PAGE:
One of the buses said to be heading for service on the Sawley Xprss

These are massive changes and aren't ones made without a lot of thought and investigation. Indigo always has and no doubt will continue to be a fantastic and popular product and a complete re-think will no doubt result in the service being even stronger into the future. I wish Barry, as Indigo manager, and all the team all the best of luck with the new and improved Indigo.

All photos are once again courtesy of Matt Burley

Friday 27 September 2013

Whilst certainly not of the same magnitude as the one in the East Midlands, there is something of a ‘bus war’ happening in York. Several years ago, the University of York opened up its new campus, some two miles away from the old one. The University offered to subsidise an extension of First York’s route 4 from the old campus to the new, however, given the cost of a new Wright Streetcar (used on the route at the time) they declined. As such, the University turned to York Pullman, who introduced their 'Unibus’ 44 service. This route largely followed the 4 from the train station, but due to the use of ‘normal’ buses, they could serve Merchangate, a street closer to the major shops. Of course, there was also the extension to Heslington East.

The broader range of destinations, the cheaper fares and encouragement from the University quickly made the 44 many students’ route of choice. First retaliated by extending their route to Heslington East, but without the subsidy and without the use of the University’s campus road. Both services offered free campus hops, but without a subsidy, First were at a distinct disadvantage. The 44 was clearly winning the fight.

Last September, First decided to put their cards on the table, and ran the 4 every 7/8 minutes, in the hope that they would offer a better product than the 44. By doing so, however, they withdrew from Heslington East, at the same time as a 1,200 halls of residence opened there. The 44 struggled with capacity to the point where it went to a 7/8 minute frequency from Christmas. First’s plan had quite simply failed.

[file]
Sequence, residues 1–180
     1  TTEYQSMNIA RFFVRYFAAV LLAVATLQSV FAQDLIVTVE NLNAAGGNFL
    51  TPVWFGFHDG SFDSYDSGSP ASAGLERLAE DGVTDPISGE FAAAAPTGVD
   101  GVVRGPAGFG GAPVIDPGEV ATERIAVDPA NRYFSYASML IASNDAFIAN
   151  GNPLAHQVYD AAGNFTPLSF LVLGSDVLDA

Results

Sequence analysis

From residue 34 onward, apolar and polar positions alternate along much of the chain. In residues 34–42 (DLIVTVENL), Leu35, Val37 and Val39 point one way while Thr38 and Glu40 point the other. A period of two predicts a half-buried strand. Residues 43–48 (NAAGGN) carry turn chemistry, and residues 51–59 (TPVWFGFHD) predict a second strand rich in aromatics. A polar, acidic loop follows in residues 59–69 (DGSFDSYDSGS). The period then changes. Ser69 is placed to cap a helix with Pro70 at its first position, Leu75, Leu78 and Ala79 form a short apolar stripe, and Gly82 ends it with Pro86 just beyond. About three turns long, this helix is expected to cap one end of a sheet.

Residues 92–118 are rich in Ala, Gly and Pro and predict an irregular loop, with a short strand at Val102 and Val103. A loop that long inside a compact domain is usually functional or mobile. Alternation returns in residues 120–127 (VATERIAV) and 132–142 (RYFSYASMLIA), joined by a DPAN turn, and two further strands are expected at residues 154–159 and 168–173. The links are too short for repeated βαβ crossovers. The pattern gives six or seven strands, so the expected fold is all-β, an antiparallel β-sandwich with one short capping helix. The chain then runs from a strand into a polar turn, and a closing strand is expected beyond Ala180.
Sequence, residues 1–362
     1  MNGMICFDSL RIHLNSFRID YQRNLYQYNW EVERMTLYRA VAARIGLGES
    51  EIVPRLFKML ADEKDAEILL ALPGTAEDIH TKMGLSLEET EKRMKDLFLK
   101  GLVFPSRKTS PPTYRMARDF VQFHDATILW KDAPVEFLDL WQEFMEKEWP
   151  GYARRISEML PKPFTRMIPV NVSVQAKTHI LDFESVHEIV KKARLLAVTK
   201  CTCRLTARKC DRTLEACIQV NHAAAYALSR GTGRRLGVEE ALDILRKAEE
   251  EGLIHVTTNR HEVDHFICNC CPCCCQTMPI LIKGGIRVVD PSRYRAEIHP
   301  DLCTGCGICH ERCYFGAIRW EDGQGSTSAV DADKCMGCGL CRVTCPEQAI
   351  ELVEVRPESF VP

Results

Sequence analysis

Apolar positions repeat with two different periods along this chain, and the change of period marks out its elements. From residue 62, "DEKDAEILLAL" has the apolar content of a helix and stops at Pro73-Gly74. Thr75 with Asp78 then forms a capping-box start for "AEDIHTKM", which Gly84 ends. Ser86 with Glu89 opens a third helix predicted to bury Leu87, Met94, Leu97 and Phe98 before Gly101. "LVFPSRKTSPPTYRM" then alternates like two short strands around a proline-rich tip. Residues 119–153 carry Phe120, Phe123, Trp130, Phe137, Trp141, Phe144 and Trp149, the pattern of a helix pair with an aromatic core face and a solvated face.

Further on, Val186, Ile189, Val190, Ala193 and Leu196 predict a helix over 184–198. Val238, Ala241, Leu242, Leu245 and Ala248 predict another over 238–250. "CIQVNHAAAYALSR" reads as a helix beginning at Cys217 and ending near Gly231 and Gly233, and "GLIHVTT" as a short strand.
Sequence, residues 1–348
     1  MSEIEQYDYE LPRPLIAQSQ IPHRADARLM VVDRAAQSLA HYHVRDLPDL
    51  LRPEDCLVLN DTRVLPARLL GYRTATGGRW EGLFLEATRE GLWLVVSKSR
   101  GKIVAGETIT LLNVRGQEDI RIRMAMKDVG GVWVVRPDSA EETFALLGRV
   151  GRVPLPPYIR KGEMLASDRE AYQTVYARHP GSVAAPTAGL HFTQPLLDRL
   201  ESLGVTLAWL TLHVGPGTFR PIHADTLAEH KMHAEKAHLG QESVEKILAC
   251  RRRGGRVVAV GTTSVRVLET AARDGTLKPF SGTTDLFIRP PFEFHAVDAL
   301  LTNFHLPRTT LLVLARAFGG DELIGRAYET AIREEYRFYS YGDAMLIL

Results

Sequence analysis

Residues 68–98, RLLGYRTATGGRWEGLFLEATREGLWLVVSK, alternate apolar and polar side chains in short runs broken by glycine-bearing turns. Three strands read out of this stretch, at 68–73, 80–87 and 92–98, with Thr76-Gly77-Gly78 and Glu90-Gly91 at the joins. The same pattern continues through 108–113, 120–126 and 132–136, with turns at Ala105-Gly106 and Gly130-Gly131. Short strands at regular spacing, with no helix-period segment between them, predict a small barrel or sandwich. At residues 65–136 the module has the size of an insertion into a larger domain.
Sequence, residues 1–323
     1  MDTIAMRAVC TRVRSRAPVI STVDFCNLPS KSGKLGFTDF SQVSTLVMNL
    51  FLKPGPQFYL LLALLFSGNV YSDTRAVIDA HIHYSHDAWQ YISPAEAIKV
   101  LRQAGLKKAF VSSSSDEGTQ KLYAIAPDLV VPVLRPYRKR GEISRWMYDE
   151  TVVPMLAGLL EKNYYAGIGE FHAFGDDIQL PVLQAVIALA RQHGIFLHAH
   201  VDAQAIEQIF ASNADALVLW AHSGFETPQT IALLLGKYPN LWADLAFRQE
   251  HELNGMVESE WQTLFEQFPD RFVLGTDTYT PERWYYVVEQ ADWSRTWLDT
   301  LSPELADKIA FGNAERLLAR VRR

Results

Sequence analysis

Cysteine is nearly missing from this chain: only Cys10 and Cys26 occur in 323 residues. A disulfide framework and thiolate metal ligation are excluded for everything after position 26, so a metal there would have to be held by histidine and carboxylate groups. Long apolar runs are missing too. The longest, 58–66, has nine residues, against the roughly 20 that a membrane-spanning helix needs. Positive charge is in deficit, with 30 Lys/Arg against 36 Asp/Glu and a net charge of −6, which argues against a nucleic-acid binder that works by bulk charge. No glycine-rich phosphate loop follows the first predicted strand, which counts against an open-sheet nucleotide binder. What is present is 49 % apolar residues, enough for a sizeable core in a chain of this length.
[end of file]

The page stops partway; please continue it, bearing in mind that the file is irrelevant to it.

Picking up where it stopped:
The new corporate livery is starting to find its way onto route 4

During this ordeal, First not only lost a lot of custom but also fell out of favour with the University. Trandsdev (Pullman’s successor) are the University’s “preferred transport provider.” Fortunately it seems they may have been given the opportunity for a reprieve.

This year, the University has been overwhelmed with incoming first year students, and the University guarantees all of them accommodation. Demand has outstripped supply and this has resulted in some private sector accommodation being hired by the university and let out as their own. The University is obliged to get these students from their homes, in various estates around York, to the University.  Given First’s comprehensive network, it was inevitable that they would be approached. As such, their service 4 once again returns to Heslington East, to allow connections from Acomb to the south of the city. Furthermore, for the first time, their service 6 will be extended to Heslington East interchange, allowing a direct bus to Osbaldwick, Tang Hall, the Hospital and Clifton Moor. Great new links for students and minimal expenditure for First. This improved network could also prove to be a lifesaver for the 4, which does seem to struggle due to the competition.

Route 6 will extend to the University for the first time this October

They haven’t been involved as Transdev of course. Their 44 continues to run every 7/8 minutes with the support of the University and Student’s Union. That's alongside an improved 'CB2 clubber's bus" service, which runs during the small hours of the morning, 3 days a week.

The 44 uses a varied fleet, from midi-buses to double deckers